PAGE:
Tens of thousands of years ago, merfolk were a nomadic race, hunting mainly whale in the depths of the ocean with their dolphin companions. About 40,000 years ago, there was the first recorded evidence of merpopulations above 500. Around that time, kelp cultivation became a popular strategy for food generation, as the kelp could be both eaten and used as a way to attract smaller fish species.

Throughout the next thousand years, mermaids became common hunters, as their songs were able to attract a wide variety of different sea creatures. Mermen would stay home and tend to their crops and children. It was around this time that merfolk began to see a need for record-keeping and they developed a method of weaving seaweed stems and sea shells together to keep track of a number of different things: acres of land, number of children, fish killed in one day, etc.

Though it was a simpler time, ancient merfolk also began devising the basis for all modern language and discussion. Tones in song were to express mood, while hand-signals were used to express more complex ideas. Eventually, it was found that sea salt could crystallize to form a hardened stone to use for writing, and circular glyphs were created to replace the old counting system of yore.

As technology grew more and more advanced, merpopulations became more expansive, starting in the great trench and extending to every sea in the world. At the same time, they began to diversify more. As mermaids began hunting fish closer to the ocean's surface, they would often faint due to the pressure differential. To counteract this, they developed fatty deposits on their chest that would expand and contract as they swam closer to the surface. Mermen, having to quickly and continuously inscribe salt into stone, developed much smaller, but precise arms.

Eventually, mermen began to develop rigorous mathematical and scientific ideas, such as the art of camouflage and luminescence, which were both used to help aid mermaid hunting expeditions. Around 200 years ago, electricity was discovered. It was powerful and destructive, but incredibly useful, as it could be channeled across wires smelted near the lava-pits. Since this discovery, the world has changed drastically, and we began to see the world around us today.

First came electronic music, which was used both for hunting and for entertainment. Then came intricate devices to mimic merfolk hand-gestures, which could transmit discussion across long distances. This eventually became wireless and portable, creating a small box all merfolk would carry around to call others when necessary. Soon thereafter, screens were developed that would allow for the projection of signals beyond just sign language and sound.

At the same time, mermaids developed body-strengthening techniques that would allow them to breach the surface of the water for short periods of time. They would come back telling stories of a strangely merfolk-like race of creatures that would ride on the backs of synthetic sea creatures. Most people thought this was crazy. How could anything survive on the surface without any pressure to keep their bodies in-tact? Absolutely insane!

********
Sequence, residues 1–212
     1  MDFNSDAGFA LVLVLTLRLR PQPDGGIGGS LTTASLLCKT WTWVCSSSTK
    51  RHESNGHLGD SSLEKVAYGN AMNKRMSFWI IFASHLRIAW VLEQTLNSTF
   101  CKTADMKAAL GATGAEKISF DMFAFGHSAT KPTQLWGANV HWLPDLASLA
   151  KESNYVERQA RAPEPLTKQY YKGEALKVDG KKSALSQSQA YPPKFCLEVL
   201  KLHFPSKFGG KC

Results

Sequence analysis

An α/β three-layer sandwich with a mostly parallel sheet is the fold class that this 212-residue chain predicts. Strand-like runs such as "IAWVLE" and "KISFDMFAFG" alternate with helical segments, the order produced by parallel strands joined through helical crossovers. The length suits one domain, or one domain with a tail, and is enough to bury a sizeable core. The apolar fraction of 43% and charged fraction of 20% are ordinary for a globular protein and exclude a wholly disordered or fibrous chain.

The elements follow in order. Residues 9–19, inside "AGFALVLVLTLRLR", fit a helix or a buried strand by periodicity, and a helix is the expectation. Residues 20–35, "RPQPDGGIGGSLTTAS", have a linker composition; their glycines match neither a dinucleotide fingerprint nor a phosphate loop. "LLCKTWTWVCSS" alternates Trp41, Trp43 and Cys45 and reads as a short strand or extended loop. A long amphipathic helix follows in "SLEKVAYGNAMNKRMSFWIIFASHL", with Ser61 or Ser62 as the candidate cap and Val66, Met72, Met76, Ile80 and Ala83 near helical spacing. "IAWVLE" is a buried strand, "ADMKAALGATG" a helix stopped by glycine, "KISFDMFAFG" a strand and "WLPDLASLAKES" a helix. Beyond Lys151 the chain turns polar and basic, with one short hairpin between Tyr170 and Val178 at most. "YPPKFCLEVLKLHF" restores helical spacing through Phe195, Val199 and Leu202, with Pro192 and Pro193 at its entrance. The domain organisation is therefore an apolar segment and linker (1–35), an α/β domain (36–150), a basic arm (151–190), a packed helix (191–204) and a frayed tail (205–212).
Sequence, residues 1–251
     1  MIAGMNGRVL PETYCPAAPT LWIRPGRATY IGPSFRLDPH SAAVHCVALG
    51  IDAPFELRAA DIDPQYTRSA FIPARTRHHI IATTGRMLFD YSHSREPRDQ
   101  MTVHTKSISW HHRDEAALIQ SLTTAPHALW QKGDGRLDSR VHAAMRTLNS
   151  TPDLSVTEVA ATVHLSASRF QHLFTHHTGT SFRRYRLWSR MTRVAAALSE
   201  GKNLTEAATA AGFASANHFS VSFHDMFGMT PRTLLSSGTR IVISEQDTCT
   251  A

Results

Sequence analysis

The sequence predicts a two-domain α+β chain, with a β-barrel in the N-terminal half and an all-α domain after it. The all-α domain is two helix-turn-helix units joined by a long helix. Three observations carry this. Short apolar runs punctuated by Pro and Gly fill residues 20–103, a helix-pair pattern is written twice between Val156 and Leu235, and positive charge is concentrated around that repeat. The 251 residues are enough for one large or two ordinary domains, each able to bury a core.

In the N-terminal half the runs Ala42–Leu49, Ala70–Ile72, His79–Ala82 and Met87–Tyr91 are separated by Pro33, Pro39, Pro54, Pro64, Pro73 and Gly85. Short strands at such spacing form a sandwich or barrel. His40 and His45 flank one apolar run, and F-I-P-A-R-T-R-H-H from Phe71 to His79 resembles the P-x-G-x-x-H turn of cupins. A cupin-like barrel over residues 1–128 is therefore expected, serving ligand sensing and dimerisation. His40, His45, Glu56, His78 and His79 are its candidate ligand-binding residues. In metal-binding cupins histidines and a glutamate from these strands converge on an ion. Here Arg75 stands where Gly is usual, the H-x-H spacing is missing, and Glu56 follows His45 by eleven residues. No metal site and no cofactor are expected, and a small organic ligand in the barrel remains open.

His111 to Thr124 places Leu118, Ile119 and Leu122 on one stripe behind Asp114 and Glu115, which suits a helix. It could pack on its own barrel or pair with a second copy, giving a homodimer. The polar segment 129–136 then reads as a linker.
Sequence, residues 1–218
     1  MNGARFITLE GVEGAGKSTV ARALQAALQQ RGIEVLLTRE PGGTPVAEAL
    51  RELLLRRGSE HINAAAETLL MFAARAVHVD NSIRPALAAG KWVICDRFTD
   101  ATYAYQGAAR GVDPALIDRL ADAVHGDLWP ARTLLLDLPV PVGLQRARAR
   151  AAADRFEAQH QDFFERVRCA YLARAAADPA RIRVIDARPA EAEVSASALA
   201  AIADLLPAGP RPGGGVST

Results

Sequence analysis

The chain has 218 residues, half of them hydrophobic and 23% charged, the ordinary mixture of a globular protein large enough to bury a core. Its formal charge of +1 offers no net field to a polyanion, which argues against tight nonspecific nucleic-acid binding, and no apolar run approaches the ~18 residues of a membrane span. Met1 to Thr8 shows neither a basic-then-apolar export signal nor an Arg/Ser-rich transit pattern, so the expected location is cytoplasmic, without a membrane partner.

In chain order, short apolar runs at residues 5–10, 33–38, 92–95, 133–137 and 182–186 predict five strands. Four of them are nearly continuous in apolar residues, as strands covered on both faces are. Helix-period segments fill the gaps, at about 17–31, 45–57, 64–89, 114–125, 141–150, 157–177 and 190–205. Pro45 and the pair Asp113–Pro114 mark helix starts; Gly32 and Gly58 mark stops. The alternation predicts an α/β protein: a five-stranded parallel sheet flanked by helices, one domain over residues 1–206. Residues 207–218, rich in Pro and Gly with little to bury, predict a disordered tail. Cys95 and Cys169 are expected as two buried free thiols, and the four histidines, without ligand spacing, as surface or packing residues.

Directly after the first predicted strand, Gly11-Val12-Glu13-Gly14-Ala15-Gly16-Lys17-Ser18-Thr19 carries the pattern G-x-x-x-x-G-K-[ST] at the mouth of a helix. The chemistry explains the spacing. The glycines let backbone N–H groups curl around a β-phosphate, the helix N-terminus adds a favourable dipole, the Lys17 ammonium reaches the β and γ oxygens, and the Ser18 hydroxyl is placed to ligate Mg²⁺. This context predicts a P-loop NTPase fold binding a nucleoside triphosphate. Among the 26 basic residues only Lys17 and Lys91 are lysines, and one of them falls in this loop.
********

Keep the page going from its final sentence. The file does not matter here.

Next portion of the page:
Well, that was what most merfolks thought... Until about 70 years ago. There, somewhere in the north sea, one of the giant creatures swam to the bottom of the ocean. It was huge -- much larger than anything the merfolk had ever created before and composed of a bunch of intricate rooms and hallways.

Worse, inside of some rooms, were the bodies of the unknown creatures mermaids would tell stories of. They were half merfolk, but had additional arms where their fins should have been. None of them were completely in-tact, but that didn't matter. It was then that merfolk learned they were not the only intelligent creatures on Earth.

It was a scary moment for merfolk everywhere. Their scientists analyzed the creatures as best as they could and developed new methods for creating large sheets of metal, which were used to make satellites that would watch the land creatures from afar.

It was not clear if the new race was more or less advanced than the merfolk, but they were way more savage. The merfolk watched as the landfolk fought among themselves time and time again.

No matter the case, the landfolk would occasionally drop their technology into the depths of the ocean, and the merfolk would learn what they could about landfolk civilization. Occasionally, the technology would be revolutionary. Other times, merfolk would scratch their heads, trying to figure out what the devices could be use for.

No matter the case, today was a monumental day. After half a century since the Great Land Initiative, merfolk were finally able to create a satellite capable of carrying a merman and mermaid onto the surface. Merfolk everywhere were tuned in and watching the historic launch and counting down in the comfort of their own home.

10, 9, 8, 7, 6, 5, 4, 3, 2, 1... Lift off.

In a myriad of bubbles, the overmarine was off. No one quite knew what they would find.

Would the landfolk be hostile? Would the merfolk survive the expedition? What technology might be found on land that merfolk had never thought of before?

Who knew?

One thing was certain: after today, merfolk would never be alone again.

NOTE: I really like the world in this one, but the writing could have been better...

Prompt: Intelligent life developed first in the Ocean. Now, civilisation has developed to a point where it is looking beyond the waters and chooses to go to the Land.

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